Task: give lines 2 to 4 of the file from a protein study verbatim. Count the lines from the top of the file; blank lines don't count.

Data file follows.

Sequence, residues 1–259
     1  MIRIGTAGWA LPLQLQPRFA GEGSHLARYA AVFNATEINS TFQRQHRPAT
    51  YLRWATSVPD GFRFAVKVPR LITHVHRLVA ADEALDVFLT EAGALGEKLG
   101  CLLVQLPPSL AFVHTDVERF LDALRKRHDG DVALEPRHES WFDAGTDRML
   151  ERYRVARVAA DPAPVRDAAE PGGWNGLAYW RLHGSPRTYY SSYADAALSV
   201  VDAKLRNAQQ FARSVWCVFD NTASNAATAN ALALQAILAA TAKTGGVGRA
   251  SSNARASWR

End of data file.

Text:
     1  MIRIGTAGWA LPLQLQPRFA GEGSHLARYA AVFNATEINS TFQRQHRPAT
    51  YLRWATSVPD GFRFAVKVPR LITHVHRLVA ADEALDVFLT EAGALGEKLG
   101  CLLVQLPPSL AFVHTDVERF LDALRKRHDG DVALEPRHES WFDAGTDRML